Daily yoga practice seems daunting at first, but over time, it can become as habitual as brushing your teeth. Never missing a day on the mat gives you the flexibility and strength benefits you seek. You'll also receive much in terms of mental and emotional clarity.
Even if you practice the same sequence day-in and day-out, you'll notice that your body never quite feels the same— and neither does your mind. Some days, yoga comes with ease, while other days it's a struggle to get to the mat. In this way, your daily practice becomes a metaphor for life.
With daily practice, you'll spend much more time on the postures than you would with a once or twice per week yoga class. They'll become second nature as creaky joints and tight muscles release into a more fluid, flexible you.
You'll find release and greater depth in poses with which you might struggle because of tight hips due to chronically sitting at a computer, such as Triangle or Side Angle. A daily practice may help you make progress when you have trouble reaching your arms overhead in Mountain or Warrior I.
You'll also learn your limits — sometimes your anatomy is such that certain poses, including extreme backbends like King Pigeon, are never possible. A daily practice also makes you OK with this fact as you learn to accept your body, limitations and all.
You'll also develop greater strength. Longer holds in poses becomes possible as do poses once too difficult because your core or legs were simply too weak. Boat, Warrior III and Dancer grow into postures you're willing and able to hold for five, 10 or 20 breaths at a time.
From a very tangible standpoint, a short daily practice may also reverse bone loss that leads to osteoporosis. A 2016 issue of Topics of Geriatric Rehabilitation published a study of more than 700 women showing that 10 years of a near daily yoga practice consisting of 12 poses actually reversed bone loss that had reached the stage of osteopenia and osteoporosis. The practice took the participants just 12 minutes per day to execute.
As you practice every day, start to notice its effects on all aspects of your life. Your posture improves, balance becomes easier, you're more coordinated and you experience a greater range of motion.
Whether your daily practice is a vigorous flow or calming and restorative, you'll garner the benefit of clearing your mind. A regular morning practice might help you set the right, forgiving mindset for the day; a regular evening practice allows you to reset after work and family challenges and put the day in perspective. After some time, the poses become old friends — it's almost second nature to relax into Child's pose and simply connect with your breath.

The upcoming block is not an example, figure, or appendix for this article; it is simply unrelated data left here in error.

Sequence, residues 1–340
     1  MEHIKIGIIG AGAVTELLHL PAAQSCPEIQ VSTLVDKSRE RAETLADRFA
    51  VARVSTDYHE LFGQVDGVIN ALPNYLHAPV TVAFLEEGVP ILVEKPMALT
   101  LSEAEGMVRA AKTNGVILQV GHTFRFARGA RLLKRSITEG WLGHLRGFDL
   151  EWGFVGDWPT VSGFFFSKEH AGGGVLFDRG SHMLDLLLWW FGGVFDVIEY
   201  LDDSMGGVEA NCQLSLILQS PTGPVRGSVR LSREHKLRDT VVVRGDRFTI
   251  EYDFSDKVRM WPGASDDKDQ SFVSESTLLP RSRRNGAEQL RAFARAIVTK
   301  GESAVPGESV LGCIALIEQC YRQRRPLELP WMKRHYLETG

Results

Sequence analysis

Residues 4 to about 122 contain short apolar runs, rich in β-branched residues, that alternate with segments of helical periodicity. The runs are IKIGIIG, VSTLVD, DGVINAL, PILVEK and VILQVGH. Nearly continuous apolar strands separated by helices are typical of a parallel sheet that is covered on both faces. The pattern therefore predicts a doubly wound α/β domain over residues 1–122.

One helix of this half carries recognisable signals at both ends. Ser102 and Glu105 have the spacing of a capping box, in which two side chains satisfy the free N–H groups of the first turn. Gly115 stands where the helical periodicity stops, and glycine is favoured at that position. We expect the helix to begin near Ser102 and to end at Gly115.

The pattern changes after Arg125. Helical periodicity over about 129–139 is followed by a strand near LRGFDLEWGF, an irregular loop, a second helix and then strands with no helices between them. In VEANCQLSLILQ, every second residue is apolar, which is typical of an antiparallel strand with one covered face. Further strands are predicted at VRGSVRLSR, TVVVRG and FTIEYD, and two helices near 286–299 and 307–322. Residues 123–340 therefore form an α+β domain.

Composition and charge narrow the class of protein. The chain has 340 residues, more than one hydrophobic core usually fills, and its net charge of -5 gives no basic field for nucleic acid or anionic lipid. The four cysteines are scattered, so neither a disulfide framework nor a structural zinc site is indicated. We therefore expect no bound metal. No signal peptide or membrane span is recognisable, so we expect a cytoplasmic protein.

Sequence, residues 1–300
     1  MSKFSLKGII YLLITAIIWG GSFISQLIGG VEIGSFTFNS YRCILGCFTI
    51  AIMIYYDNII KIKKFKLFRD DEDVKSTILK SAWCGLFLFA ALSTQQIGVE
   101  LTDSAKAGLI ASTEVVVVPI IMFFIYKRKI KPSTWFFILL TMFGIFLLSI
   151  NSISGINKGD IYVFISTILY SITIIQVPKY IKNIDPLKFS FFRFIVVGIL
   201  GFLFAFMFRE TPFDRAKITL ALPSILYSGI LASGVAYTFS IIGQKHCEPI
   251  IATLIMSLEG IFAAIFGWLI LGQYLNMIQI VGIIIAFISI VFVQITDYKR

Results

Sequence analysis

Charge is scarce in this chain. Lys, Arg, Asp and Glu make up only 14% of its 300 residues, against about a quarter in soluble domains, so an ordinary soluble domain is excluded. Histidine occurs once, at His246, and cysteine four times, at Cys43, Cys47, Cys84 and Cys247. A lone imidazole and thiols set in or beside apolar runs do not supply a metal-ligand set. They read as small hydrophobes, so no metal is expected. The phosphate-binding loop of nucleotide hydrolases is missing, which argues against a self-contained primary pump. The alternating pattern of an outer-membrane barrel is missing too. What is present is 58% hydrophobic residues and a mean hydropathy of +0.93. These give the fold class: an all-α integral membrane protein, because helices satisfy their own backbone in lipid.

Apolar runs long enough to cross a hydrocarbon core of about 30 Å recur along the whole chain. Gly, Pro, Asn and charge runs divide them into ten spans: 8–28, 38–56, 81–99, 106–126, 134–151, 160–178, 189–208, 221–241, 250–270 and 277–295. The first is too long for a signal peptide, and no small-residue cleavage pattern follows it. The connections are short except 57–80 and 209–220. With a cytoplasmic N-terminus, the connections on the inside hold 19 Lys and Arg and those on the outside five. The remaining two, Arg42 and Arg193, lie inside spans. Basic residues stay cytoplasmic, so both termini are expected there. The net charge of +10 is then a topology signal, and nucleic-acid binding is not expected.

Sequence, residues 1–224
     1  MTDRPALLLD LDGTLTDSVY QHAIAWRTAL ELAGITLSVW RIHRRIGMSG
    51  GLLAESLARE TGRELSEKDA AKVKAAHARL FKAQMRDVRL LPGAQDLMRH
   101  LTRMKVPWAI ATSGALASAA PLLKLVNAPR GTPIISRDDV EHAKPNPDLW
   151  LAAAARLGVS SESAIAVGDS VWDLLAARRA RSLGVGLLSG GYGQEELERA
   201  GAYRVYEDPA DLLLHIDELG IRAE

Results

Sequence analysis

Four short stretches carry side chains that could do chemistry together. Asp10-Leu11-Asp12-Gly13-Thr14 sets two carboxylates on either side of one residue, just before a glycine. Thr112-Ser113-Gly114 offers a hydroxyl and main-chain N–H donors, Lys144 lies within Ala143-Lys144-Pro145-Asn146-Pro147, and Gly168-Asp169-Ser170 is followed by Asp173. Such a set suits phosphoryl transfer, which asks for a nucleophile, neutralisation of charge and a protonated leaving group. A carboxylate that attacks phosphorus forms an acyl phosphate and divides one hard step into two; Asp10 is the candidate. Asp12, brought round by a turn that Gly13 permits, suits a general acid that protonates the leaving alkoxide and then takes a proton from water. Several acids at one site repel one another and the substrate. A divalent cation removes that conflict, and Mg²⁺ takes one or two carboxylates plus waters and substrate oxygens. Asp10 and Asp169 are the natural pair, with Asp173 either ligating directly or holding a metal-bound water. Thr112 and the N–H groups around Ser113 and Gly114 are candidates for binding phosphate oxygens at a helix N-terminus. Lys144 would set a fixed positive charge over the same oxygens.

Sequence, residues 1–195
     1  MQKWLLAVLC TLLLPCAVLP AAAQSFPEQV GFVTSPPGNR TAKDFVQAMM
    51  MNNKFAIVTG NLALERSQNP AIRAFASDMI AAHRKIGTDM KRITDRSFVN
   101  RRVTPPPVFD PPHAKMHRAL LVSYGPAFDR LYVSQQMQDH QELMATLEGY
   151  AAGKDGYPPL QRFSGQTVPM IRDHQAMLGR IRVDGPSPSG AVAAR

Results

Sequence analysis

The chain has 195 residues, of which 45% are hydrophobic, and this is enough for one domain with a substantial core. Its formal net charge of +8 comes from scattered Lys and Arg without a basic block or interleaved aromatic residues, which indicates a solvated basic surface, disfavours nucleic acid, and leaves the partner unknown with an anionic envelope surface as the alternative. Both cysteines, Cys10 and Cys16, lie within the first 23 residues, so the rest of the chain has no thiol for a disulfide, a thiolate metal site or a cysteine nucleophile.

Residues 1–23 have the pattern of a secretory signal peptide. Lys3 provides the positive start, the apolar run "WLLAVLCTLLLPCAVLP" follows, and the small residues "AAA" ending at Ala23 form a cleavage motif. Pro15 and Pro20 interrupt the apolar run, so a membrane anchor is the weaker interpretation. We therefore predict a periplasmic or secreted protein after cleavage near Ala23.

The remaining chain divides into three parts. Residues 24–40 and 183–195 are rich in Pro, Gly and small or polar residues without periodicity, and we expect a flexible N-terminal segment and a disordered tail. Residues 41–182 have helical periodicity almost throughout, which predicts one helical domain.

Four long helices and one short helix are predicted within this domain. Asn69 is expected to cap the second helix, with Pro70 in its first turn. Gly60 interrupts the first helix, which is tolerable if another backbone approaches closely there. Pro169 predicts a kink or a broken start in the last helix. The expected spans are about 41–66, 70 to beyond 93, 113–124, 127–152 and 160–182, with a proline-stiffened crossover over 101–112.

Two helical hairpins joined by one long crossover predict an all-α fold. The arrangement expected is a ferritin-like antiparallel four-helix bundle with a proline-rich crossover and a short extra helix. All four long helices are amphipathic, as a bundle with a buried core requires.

The simple act of yoga, repeated daily, can also help ward off anxiety and depression. An article in Evidence-Based Complementary and Alternative Medicine, published in 2007, showed that yoga is a valuable adjunct therapy for people already suffering from depression or other mental health disorders.
Yoga has been shown, as noted in a 2015 paper in Ancient Science, to stimulate feel-good neurotransmitters to help improve your mindset and reduce anxiety. Practicing daily allows you to reinforce this positive effect of yoga. Even if you don't currently suffer from clinical depression, daily yoga can help make those days where the blues set in a little more tolerable.
Self-Observation and Patience
A daily practice, especially one that is repetitive, becomes a meditation of sorts. You'll eventually know the postures so well that you learn to trust yourself and focus only on how your body is feeling and the breath, which is the essence of meditation. Physical concerns, such as whether your feet are the "correct" distance apart or if your chest is "blossomed," become secondary.
Yoga every day also allows you to respect how you're experiencing that particular day. Instead of feeling like this is your one chance this week to execute all the postures, you can be forgiving if your energy is slightly lower than usual. There's always tomorrow and the next day to be aggressive in your practice. In this way, you can let go and be patient with your body's progress.
Yoga's Flexible Nature
A daily yoga practice doesn't mean you have to do a high-intensity Power or Bikram class seven days per week. Let your choices vary, from powerful vinyasa to gentle Hatha to calming Yin.
Some people welcome the routine of doing the same practice every day, or others commit to a short practice, such as few Sun Salutations, when they don't have a lot of time and save a longer practice for the weekends. A daily yoga practice doesn't have to look a certain way.
When you pressure yourself to do a certain type of yoga, the commitment to a daily practice is likely to fail. Instead, work with the rhythms of your body. Be disciplined, but forgiving.